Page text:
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Patients can be denied coverage for various reasons, some being the fault of the medical biller. When a patient requires insurance coverage for a medical service, treatment, or hospital stay and their claim is either denied or rejected, it can be an overwhelming experience. When this happens, medical billers must take on a large portion of the responsibility in regards to alleviating the situation. 

Most of the general population is unaware of what goes on behind the scenes of a medical biller’s job. And many people are too nervous or feel inadequate to advocate for themselves when things go south with insurance. 

These are reasons why medical billers must work with patients in a supportive and empathetic way, as well as help them become advocates for themselves.

Common Reasons for Claim Denial

According to AARP, 200 million claims are rejected every year! 

That means that there are 200 million patients worried about medical bills when they should not be. 

While there are a variety of reasons why a claim is denied or rejected, there are a few common reasons why it happens. 

  • The pre-authorization was never obtained even though it was required
  • The claim form had errors; clerical errors were noted 
  • The claim was filed after the insurance company’s deadline
  • The treatment or procedure was deemed to be medically unnecessary
  • The service administered was with an out-of-network provider 

Dealing with denied claims can be a hassle for medical billers, and it can be frustrating, confusing, and even nerve-racking for patients. It is beneficial for billers to be empathetic toward those being denied coverage, practice extra patience when working with them, and come from a place of understanding and helpfulness.

Helping Patients Through the Denial Process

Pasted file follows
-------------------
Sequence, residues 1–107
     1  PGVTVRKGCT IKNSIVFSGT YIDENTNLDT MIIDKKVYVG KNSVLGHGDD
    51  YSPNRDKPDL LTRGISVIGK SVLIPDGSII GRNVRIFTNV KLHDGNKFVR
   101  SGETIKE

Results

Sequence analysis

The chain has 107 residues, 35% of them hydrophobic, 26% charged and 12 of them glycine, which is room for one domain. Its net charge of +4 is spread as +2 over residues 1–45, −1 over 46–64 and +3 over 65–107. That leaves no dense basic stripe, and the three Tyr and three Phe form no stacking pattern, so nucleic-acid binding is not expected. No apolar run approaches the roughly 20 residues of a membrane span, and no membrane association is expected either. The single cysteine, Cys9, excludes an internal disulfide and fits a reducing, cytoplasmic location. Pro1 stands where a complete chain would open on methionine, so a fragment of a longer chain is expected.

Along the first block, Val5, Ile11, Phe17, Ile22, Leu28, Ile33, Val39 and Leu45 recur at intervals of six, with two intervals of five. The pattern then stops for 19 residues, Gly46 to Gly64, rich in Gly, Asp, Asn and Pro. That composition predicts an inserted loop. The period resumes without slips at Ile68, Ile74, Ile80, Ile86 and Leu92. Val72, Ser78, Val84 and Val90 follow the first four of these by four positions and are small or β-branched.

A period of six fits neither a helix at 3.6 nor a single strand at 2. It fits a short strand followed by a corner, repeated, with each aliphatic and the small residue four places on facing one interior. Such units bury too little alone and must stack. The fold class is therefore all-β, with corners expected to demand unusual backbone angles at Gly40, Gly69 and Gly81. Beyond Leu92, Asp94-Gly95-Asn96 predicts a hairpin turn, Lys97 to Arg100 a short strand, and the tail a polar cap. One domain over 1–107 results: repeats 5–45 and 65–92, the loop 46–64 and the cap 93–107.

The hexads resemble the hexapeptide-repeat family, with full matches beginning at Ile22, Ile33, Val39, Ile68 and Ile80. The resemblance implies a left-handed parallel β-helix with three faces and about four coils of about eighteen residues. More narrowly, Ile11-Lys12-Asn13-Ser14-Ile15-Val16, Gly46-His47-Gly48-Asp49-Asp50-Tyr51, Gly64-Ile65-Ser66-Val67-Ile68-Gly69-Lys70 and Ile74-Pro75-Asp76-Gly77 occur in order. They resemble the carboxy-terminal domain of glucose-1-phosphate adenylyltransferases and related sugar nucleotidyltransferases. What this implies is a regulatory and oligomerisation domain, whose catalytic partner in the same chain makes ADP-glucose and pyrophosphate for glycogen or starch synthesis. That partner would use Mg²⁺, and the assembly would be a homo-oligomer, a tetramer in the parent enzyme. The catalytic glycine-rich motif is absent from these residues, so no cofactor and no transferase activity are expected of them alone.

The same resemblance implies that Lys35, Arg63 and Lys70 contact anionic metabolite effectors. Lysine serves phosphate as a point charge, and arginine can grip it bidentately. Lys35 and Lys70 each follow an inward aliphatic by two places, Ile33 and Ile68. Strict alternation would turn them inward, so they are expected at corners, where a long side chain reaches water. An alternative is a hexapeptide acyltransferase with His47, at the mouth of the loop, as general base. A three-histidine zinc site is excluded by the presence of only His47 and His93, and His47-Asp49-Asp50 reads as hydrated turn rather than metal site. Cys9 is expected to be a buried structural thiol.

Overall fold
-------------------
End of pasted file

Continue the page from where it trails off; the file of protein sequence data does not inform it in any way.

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Acting as a therapist is a bit above a medical biller’s paygrade. However, sometimes it’s more appropriate to put on the therapist hat and help patients problem-solve and work through their frustrations. As a medical biller, there are a few things you can do to more effectively work with a patient who has been denied coverage. These simple tips will keep the patient happy as well as increase the possibility of successfully getting the claim covered. 

Giving Patients Knowledge 

Oftentimes, the general population is unaware of what goes on behind the scenes of doctor’s offices, hospitals, and insurance companies as it pertains to the billing cycle. Giving patients the rundown of how the cycle works and what may have happened to cause the claim to be denied is the first step. Presenting information to the patient will empower them and help them to advocate for themselves. There is misinformation out there and medical billers should be able to clear some things up for the patients in need.

Patients also need to be aware that they can go through the appeal process if their claim has been denied. AARP also reports that about half of denials that were independently denied were appealed successfully; so there is hope! Helping the patient understand the appeal process gives them the power to change the outcome.